Fans of The Books will no doubt recognize the lyric “I can’t find the books/ They must be in La Jolla”. I always assumed it was no more than a passing reference to the group’s name, perhaps from an old movie or TV show. In the car yesterday on the way from New Haven to New York, I caught part of a This American Life program, rebroadcast from 2002, that revealed the line to be so much more. Turns out it is excerpted from a “viral voicemail” (people had to amuse themselves somehow before YouTube) that was circulated around the Columbia campus during the early 1990’s (perhaps around the time Paul de Jong was working as an assistant to Otto Luening). All these little unexpected connections between things; the line now takes on a completely different meaning, which I think is just the kind of cultural archæology The Books love. I won’t spoil the episode by revealing the content of said voicemail, but you can listen to the entire episode, which is excellent, here.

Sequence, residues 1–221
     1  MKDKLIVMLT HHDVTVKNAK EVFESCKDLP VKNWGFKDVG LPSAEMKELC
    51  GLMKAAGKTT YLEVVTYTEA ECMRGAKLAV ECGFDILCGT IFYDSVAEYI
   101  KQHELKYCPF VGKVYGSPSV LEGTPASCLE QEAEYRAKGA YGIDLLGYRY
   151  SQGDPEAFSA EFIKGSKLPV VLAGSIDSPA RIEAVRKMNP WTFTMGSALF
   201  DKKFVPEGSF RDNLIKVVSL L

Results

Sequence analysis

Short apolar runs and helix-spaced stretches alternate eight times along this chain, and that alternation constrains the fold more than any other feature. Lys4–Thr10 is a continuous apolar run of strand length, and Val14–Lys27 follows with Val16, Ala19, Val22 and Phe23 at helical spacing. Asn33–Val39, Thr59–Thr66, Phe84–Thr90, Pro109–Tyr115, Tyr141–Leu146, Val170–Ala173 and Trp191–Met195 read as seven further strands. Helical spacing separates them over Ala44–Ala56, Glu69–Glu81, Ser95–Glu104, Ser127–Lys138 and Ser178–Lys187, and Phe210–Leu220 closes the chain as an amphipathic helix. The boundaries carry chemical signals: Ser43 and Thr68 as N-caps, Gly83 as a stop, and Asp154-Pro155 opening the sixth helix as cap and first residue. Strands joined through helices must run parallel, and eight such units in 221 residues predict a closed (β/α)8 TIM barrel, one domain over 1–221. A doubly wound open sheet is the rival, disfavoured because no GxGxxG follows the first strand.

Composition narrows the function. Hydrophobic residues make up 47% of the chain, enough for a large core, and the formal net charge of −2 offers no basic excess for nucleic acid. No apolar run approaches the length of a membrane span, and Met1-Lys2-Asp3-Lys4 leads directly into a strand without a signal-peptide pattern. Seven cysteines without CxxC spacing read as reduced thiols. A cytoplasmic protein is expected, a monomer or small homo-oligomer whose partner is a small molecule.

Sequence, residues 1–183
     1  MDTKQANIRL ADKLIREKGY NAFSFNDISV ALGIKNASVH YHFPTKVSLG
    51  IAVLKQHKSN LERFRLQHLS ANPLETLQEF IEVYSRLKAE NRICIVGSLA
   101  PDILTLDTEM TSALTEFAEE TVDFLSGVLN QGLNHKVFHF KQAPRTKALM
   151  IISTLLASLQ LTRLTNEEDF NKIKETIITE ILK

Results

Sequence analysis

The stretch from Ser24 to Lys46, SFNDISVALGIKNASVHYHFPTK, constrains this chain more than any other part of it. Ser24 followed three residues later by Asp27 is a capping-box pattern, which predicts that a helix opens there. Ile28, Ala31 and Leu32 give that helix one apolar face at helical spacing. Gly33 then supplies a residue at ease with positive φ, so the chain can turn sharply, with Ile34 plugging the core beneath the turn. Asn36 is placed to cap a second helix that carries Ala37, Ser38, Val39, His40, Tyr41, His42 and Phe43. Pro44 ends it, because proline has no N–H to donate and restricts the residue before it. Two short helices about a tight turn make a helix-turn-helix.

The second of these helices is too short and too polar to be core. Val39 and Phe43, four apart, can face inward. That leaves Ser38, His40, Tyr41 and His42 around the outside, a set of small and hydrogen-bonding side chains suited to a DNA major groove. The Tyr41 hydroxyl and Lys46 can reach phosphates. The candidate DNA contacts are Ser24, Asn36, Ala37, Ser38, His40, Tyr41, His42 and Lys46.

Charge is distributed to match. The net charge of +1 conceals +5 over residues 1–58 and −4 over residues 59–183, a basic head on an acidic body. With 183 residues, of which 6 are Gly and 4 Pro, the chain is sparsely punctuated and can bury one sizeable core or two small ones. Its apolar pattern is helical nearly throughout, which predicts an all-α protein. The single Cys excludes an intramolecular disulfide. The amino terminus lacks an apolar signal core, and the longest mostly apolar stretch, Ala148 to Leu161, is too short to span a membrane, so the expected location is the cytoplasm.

Both of my Sunday concerts (at Yale and LPR) went swimmingly; Wendy’s concert was a heartwarming, family affair, which can happen when you come from a family of string players. I’ve already got a solid recording of Clamber Music up for you to hear (thanks, Fred Plaut Recording Studio!). LPR was also a pretty emotional scene, because it was the last Ensemble ACJW concert of the season, and lots of its members are “graduating”; scary, to be cast out into the open sea of New York Musicians with no nourishing mother to get you gigs and order you around.
Tangentially related: Why is Carnegie Hall‘s website so terrible? I feel like it’s 1998 and I’m loading it on my G3 Powerbook in Internet Explorer 4. Half the thing doesn’t even show up on my iPhone/iPad. You’d think mobile devices would be one of their primary targets (imagine you‘re out and about and wonder what’s on tonight. Just try pulling up the site on your iPhone; the calendar won’t load. You could always go to the very user-friendly text only version). The design is a weird mishmash of fonts and colors jammed together into one hideous mosaic. To round it all out, there’s a huge, empty black footer. Carnegie Hall, you’re so wonderful in so many ways; your web presence is not one of them, and it doesn’t do you justice.